# Secret Key Ciphers: RC5

CS 463/480 Lecture, Dr. Lawlor

 Good Cipher Bad Cipher Example ciphers RC5, AES Ceaser, Vignere, most student-built ciphers Key space Key is hundreds of bits long, so it is impractical to search the key space. Key is one letter (5 bits) or one word (15 bits), so it is trivial to search the key space. Key schedule Key is mixed well before applying to cipher, so even weak keys with lots of zeros still produce secure output. Key is input into the operations directly, so weak keys (e.g., "AAAA") produce barely-encrypted output or even unmodified plaintext. Operations Operations are carefully chosen to preserve bits of the key.  Good operations include bitwise XOR, addition, bit rotation, or table lookup in a carefully designed table. Operations are chosen haphazardly, and may throw away bits of the key or produce predictable output.  For example, multiplication by an even number will result in an even output.  Bit shift loses bits. Mixing Every bit of the key interacts with every bit of the cleartext, so changing any bit results in a totally different ciphertext. Parts of the key interact with limited or repeating parts of the cleartext, so changes in the cleartext or key produce predictable changes in the ciphertext, allowing differential cryptanalysis. Rounds Can repeat the rounds to increase mixing, because the rounds use operations that do not combine algebraically. Repeated rounds can be algebraically rearranged, so they are equivalent to just using a slightly different key.

For example, one very simple but apparently good cipher is RC5, a 1990's cipher by Ronald Rivest (the "R" in RSA).  The central function in RC5 uses a data dependent bit rotation plus a bitwise XOR, and mixes in the key via an ordinary addition operation.
```enum {n_rounds=12, n_keys=2*n_rounds+2};

// Circular bit rotate left: rotate v left by count bits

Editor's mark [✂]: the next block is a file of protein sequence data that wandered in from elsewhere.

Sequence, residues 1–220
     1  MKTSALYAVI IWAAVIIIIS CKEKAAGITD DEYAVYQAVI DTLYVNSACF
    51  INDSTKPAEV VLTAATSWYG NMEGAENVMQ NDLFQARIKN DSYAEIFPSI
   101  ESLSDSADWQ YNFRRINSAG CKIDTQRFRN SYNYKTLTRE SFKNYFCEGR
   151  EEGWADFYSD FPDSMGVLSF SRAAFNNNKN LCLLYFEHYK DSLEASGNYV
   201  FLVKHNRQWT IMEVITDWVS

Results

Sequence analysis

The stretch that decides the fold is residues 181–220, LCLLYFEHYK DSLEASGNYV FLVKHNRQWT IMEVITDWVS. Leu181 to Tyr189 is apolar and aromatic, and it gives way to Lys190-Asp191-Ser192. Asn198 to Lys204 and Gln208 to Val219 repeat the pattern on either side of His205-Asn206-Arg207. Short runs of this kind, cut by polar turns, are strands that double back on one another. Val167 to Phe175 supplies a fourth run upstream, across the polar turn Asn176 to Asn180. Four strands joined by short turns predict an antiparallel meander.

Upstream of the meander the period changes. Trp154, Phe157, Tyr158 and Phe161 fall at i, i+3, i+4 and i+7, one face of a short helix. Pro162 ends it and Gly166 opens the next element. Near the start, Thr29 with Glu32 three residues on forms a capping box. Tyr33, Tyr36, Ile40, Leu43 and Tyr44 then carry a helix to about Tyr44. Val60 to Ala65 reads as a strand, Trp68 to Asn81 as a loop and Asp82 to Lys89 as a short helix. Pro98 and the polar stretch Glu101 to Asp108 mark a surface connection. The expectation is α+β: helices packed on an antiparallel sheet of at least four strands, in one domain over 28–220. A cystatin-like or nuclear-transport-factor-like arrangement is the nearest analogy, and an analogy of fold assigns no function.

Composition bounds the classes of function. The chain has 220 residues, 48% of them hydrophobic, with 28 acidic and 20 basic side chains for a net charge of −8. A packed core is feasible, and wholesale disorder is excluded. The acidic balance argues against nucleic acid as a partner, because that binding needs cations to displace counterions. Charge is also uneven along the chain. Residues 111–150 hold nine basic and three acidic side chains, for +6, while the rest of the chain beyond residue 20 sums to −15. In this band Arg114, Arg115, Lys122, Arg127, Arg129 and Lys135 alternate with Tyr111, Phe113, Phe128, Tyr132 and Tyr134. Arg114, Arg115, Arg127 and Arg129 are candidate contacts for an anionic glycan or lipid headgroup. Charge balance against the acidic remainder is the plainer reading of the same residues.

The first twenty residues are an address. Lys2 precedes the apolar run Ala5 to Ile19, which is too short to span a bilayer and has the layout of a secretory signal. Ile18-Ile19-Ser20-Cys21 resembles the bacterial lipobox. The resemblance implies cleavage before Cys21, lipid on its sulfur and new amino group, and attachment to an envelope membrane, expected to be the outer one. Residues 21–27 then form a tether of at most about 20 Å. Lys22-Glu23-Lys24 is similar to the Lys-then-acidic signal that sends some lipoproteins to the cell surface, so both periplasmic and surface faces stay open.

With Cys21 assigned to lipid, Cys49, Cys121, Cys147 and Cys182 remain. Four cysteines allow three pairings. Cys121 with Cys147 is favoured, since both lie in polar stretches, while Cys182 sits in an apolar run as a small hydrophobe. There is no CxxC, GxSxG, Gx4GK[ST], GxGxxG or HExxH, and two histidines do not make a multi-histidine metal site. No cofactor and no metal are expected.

unsigned int ROTL(unsigned int v,unsigned int count)
{
return (v<<count) | (v>>(32-count));
}

// Mix two integers worth of data, A and B, with these keys.
void RC5_rounds(unsigned int &A,unsigned int &B,const unsigned int *keys) {
A += keys[0];
B += keys[1];
for (int round=1;round<=n_rounds;round++) {
A = A^B; // A gets modified by B and key
A = ROTL(A,B) + keys[2*round];

B = B^A; // B gets modified by A and key
B = ROTL(B,A) + keys[2*round+1];
}
}

// Run some simple tests, encrypting ascending data
void foo(void) {
for (int test=0;test<20;test++) {
unsigned int keys[n_keys]={1,2,3,4}; // for real RC5, need key schedule to add nonzeros here
unsigned int A=test, B=0; // plaintext
RC5_rounds(A,B,keys);
printf("Test %4d: 0x%08x  0x%08x\n",test,A,B);
}
}```

(Try this in NetRun now!)

Even with this terribly predictable set of keys, which are nearly impossible to get from the hash-like key scheduler used by the real RC5, we still get well scrambled ciphertext out:
```Test    0: 0x741d3ad1  0x853b4646
Test    1: 0xcae2ccc0  0xb419a866
Test    2: 0x384a59fe  0x72f4776e
Test    3: 0x1f81b553  0xcede0649
Test    4: 0x4c0e2ebf  0xd37fd15a
Test    5: 0x62dc3be4  0x3b2cd17d
Test    6: 0xc6079b35  0x1199861f
Test    7: 0x12ddde65  0x5ba39c19
Test    8: 0xcd126ea1  0x563f69a5
Test    9: 0xd02b9096  0x35249443
Test   10: 0x495bf4bc  0x87cdb550
Test   11: 0xaf6ff53d  0xbfbf6d57
Test   12: 0xe4005b7d  0x4b62d4d4
Test   13: 0x8d47a25e  0xd932ce1c
Test   14: 0xf81fe948  0xd8956af0
Test   15: 0xa89c2cde  0xc78bdd58
Test   16: 0xb30d25bd  0x6f2dddcc
Test   19: 0x3a09684b  0x8b7f2a5f
```
We can see what's happening inside the cipher by printing A and B before each round.
`	printf("Round %4d: 0x%08x  0x%08x\n",round,A,B);`

(Try this in NetRun now!)

For test 0, A=B=0, but once we add in the non-zero keys, the values rapidly become well-mixed.
```Round    1: 0x00000001  0x00000002
Round    2: 0x0000000f  0x00068004
Round    3: 0x006800b0  0x80b4006e
Round    4: 0x0037a037  0x2cc041d0
Round    5: 0xe1e72cf7  0x93e693b6
Round    6: 0xd05c806f  0x09eca1dd
Round    8: 0xc5653e43  0xfd8c4755
Round   10: 0xff4e5151  0x7de8a4e6
Round   11: 0xa9bd6de0  0xd455c906
Round   12: 0x7a29399f  0xd73e784c```
This cascading growth of unpredictable binary numbers is known as the avalanche effect.

One weakness of RC5 (addressed in RC6) is the bit shift only depends on the low 5 bits of A and B.  If both data and key have zeros in these bits, no avalanche occurs, and the series of XOR operations falls into a predictable cycle.  This is bad, because now running more rounds will not help.
`unsigned int keys[n_keys]={0x100,0x2000,0x3000,0x40000};`

(Try this in NetRun now!)

```Round    1: 0x00000100  0x00002000
Round    2: 0x00005100  0x00047100
Round    3: 0x00042000  0x00005100
Round    4: 0x00047100  0x00042000
Round    5: 0x00005100  0x00047100
Round    6: 0x00042000  0x00005100
Round    7: 0x00047100  0x00042000
Round    8: 0x00005100  0x00047100
Round    9: 0x00042000  0x00005100
Round   10: 0x00047100  0x00042000
Round   11: 0x00005100  0x00047100
Round   12: 0x00042000  0x00005100```
Read the whole implementation in the RC5 RFC, including the key schedule step, which is designed to produce good randomness in the expanded keys to avoid this sort of failure.

The RC5 patent expires November 1, 2015.